“Shepherding helps you stay close to Jesus.” Seems like an obvious conclusion, but how often is it actually put into practice? How often does a shepherd of souls rely on their own wit, assumptions, history, and opinions rather than on the Savior of souls, the Chief Shepherd Himself? Given enough time and people, and even the most hard-headed and self-confident shepherd will realize that they need Jesus.
Darrin Patrick’s section entitled “Shepherding Helps You Stay Close to Jesus” in Church Planter: The Man, The Message, The Mission succinctly lays out the logic behind relying on Jesus when shepherding people. He does an excellent job of contrasting the pastor who locks himself into the safety of the pulpit with the pastor who engages himself with the flock entrusted to his care by Christ.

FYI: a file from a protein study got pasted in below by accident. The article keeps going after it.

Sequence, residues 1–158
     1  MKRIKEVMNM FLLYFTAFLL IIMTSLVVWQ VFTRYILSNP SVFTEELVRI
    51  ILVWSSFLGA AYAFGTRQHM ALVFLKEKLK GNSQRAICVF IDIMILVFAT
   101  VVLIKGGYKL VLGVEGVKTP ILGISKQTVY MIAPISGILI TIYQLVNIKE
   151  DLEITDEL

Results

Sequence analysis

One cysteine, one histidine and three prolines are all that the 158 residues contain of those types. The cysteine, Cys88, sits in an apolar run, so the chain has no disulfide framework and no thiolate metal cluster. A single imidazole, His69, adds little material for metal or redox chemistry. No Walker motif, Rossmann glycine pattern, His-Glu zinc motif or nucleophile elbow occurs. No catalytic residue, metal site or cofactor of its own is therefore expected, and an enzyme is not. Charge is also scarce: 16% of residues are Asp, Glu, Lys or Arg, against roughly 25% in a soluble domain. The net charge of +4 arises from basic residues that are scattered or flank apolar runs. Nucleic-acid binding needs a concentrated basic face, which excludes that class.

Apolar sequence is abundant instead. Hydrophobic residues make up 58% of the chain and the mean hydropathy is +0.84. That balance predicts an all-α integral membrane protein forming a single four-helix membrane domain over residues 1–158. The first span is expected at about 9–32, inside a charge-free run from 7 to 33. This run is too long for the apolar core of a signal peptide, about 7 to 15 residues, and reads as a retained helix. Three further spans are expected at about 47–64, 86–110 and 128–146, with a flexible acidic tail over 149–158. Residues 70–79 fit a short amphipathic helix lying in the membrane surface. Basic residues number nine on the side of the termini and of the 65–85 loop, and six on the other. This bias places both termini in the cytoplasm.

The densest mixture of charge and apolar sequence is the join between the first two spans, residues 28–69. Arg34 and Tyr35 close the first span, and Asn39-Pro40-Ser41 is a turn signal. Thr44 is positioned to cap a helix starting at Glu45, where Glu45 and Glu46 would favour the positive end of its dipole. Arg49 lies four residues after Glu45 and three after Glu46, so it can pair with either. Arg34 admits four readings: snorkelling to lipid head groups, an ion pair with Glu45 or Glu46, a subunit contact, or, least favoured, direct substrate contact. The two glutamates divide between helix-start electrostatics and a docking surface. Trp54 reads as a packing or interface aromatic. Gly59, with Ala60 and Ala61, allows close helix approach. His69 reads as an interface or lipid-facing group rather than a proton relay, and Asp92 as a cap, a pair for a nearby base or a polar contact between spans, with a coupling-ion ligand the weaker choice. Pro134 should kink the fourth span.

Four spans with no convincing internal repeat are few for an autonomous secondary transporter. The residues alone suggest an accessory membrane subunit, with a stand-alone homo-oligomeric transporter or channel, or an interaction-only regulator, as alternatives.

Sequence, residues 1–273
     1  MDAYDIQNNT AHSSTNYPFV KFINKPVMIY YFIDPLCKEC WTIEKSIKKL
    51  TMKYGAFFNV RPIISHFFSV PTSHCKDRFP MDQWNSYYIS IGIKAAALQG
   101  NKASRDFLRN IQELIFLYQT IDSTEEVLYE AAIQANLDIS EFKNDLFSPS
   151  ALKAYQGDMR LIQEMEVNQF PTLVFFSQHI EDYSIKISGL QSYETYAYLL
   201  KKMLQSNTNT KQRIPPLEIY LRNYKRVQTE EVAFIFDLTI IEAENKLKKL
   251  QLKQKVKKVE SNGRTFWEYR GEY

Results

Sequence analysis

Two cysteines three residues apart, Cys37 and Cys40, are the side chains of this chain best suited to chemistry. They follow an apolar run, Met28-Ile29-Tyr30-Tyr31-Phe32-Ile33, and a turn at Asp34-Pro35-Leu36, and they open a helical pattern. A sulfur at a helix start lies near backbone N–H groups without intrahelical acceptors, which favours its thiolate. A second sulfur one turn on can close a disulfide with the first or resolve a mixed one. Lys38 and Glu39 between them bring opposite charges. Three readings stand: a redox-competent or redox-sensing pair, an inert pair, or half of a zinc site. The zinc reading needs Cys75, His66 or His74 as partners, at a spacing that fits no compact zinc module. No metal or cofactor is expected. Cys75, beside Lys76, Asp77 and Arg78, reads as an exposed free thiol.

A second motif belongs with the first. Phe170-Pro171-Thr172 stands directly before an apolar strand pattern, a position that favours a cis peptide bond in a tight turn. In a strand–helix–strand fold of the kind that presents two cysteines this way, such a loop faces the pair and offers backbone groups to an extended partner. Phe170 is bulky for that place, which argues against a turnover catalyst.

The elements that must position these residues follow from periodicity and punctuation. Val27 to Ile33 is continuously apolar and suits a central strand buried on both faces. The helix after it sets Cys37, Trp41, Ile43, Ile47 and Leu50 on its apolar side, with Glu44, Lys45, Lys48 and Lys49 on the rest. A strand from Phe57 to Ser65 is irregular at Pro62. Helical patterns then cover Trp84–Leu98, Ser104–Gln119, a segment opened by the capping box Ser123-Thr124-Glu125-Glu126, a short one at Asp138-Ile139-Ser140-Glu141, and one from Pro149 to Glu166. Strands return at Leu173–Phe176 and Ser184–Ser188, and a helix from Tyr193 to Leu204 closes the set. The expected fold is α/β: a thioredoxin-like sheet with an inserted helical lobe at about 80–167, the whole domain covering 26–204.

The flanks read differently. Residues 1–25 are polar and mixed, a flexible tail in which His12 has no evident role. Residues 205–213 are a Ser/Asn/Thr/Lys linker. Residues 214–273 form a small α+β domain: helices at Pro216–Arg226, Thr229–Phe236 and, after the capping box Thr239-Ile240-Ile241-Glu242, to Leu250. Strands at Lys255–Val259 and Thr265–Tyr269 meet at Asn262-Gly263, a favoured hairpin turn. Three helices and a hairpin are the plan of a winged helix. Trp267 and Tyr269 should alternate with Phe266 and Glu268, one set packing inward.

There is something about dealing with the enormity of people’s sin that necessitates staying very, very close to God. In preaching it is easy to hide a lack of spiritual connection with God through good preparation and raw ability. But the unpredictability and sheer emotional content of pastoral work confronts you with your own necessity for a Savior. In preaching you can prepare what you will say ahead of time. But in pastoral work there is a lot of room for insecurity and anxiety as you wrestle with the questions, objections, and arguments of your people in real time. It is terrifying! It drives you to dependence on God (pp 83-84).